Saturday, June 29, 2013

The Tuesday meetings

Tuesday, July 2nd could be interesting.

The so-called JUCs are having a "community" (i.e. "black and brown") meeting 
in a Harlem church from 6 to 9 PM. This group comprises mostly people of color who have splashed, 
and now wish to immerse WBAI into an artificial solution of Africana, hip-hop, and 
street-corner rhetoric. Their heroes include some of the most notorious front-office 
failures in recent years, some of whom are scheduled to speak.

That same night, and almost at the same time (6:30 to 9:30) another WBAI faction will 
meet at a downtown location. These people seem
content to continue floating in a lighter, albeit equally toxic vintage solution, but they
also number among them some who simply have been caught in the middle.

The purpose of both meetings is to “solve” the current crisis. The JUC (Justice and Unity Coalition) has a political agenda that it strongly feels ought to be WBAI’s mission. The other group is meeting (informally, they say) to comply with a demand from Pacifica’s National Board that the station’s Local Station Board and staff present them with “a written plan for the survival of WBAI for the next two or three years.”  The meeting announcement points out that “it’s time to get cracking.”  Actually, it was high time for that several years ago.

Neither faction is to be commended by anyone whose concern for WBAI and Pacifica's 
welfare is genuine. Although some individuals are well-intentioned, both groups are by their very existence detrimental to WBAI and, remarkably, just now waking up to reality. Their decades-long soporific experiences at WBAI did not blind them to the decay that surrounded them, but
guilt was not a factor, for each side had tons of blame to heap upon the other. And then there was Mother 
Pacifica, where slightly different but equally ignoble motives brought out the worst 
in people. Everybody had a personal agenda, fueled by ego, greed and the kind of
desperation that sets in when the end of the road is in sight and there are no other paths to take.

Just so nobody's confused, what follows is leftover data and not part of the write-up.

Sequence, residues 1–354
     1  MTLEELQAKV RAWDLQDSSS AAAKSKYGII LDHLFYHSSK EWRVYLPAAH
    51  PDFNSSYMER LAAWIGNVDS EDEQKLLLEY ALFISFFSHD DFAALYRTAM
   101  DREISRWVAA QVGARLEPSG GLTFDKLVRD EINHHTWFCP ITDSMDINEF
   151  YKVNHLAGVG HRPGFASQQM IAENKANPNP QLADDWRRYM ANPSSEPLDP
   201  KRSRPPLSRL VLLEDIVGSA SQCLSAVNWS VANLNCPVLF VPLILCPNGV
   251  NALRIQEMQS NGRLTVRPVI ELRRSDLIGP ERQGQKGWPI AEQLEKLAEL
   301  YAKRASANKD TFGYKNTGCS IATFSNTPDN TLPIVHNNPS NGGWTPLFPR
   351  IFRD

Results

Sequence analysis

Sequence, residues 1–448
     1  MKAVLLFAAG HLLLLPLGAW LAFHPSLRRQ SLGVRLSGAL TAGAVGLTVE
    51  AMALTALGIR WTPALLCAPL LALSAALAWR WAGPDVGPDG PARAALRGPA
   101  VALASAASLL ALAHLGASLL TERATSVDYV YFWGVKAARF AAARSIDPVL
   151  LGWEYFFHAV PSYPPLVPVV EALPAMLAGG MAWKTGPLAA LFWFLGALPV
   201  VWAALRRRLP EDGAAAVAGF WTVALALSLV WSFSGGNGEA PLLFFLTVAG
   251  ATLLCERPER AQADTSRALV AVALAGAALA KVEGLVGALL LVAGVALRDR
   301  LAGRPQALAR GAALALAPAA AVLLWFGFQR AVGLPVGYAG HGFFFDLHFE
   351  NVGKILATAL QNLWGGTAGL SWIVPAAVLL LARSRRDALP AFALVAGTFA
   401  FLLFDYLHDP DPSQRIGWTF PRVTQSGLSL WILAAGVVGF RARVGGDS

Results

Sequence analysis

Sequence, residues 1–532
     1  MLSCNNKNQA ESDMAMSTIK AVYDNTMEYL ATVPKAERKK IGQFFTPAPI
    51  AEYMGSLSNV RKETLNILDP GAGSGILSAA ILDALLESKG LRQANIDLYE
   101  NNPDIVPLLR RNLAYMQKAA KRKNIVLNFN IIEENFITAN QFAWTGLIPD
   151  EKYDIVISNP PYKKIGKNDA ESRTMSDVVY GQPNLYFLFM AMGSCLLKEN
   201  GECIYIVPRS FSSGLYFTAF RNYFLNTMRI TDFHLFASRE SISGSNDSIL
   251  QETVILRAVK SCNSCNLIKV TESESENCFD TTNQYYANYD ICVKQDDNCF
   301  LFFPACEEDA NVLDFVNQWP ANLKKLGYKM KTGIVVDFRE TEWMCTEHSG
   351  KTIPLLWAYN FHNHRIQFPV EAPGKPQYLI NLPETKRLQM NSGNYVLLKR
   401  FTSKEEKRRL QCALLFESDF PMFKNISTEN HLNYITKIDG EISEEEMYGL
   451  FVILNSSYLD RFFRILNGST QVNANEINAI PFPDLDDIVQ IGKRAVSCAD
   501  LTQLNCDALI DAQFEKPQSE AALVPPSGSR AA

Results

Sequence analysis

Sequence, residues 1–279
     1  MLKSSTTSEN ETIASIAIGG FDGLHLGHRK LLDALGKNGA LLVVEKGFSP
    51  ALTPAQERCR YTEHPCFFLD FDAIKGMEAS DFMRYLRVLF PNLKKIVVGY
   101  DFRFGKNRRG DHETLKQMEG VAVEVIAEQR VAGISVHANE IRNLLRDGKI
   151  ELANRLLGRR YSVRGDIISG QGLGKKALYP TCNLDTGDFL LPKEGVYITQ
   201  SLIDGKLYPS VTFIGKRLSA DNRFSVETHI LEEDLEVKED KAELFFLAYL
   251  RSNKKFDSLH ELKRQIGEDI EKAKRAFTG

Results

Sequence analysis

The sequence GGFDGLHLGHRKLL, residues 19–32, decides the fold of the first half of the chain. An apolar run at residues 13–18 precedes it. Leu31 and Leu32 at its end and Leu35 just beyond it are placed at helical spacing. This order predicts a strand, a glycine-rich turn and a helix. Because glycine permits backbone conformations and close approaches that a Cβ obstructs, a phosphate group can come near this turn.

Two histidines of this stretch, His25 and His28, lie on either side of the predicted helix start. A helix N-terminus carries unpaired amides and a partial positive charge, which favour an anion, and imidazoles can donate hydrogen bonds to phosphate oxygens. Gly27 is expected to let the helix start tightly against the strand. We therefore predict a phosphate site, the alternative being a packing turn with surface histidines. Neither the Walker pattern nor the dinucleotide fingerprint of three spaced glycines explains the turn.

Most simply closed their eyes and ears, stuck their head in the sand, and hoped it 
would all go away. Somehow, it always had, and when yet another clerk was sent 
in to untangle the twisted remnants of past mismanagement, a sigh of relief was 
heard and Morpheus beckoned again, successfully. To wonder what kind of super
naiveté has overcome all these people, one has but to tune in 99.5, listen to the shallow program offerings, and consider the huge and ongoing debt WBAI finds itself in today. Few outsiders listen to the station anymore, and 
those who do are not likely to sense the severity of the current financial crisis. It's
mostly blather as usual, and one might even catch a commercial plug for events 
and products that bear as little relevance to WBAI as a numerology scam, homeless 
guardian angels, and drops of "cancer curing" tap water. There was a flurry of fundraising activity a couple of months back, but as soon as the immediate needs were met or temporarily warded off, WBAI’s management and staff went back to sleep.

So what will they talk about at these concurrent Tuesday night meetings? Who will go 
uptown? Who will go downtown? Will there be a reoccurrence of Hitler salutes? Will those baseball bats 
come out again? Will Frank LeFever distribute fliers promoting programs that stagnated 
years ago? And where, one wonders, will Berthold Reimers' spirit flit about? Which movie will a demoralized WBAI crew take in on Tuesday night? How will they handle the dichotomy?

The reality is, of course, that they are all losers. The fall of WBAI is the result of joint 
efforts that go back many years. At WBAI, the contaminated seeds were sown in the late Sixties, but I think the most serious blow, the point of no return, was reached 
with the emergence of the so-called "new" Pacifica. It was, indeed, new, diluted and rudderless—a vacuum into which scheming incompetents were sucked like dirt. We 
owe our thanks to a few good people who were slow to lose hope, but one has to wonder if the end should not have come sooner—before Pacifica and its satellites 
became a shattered dream and models of mismanagement and hypocrisy.

Some of the good people have already fled—the rest would do well to skip these 
useless meetings and stay on the side of WBAI. Lift a glass to the memory of Lew 
Hill and the pioneer broadcasters and listeners who helped him realize a dream.

When the book is written, as it surely will be, the closing chapter will lend to this 
amazing story a Rip Van Winkle wrinkle Washington Irving could not have imagined. 
To be sure, this is a tragedy, but an oddly farcical one—the stuff low-budget summer movies 
are made of.  —Chris Albertson

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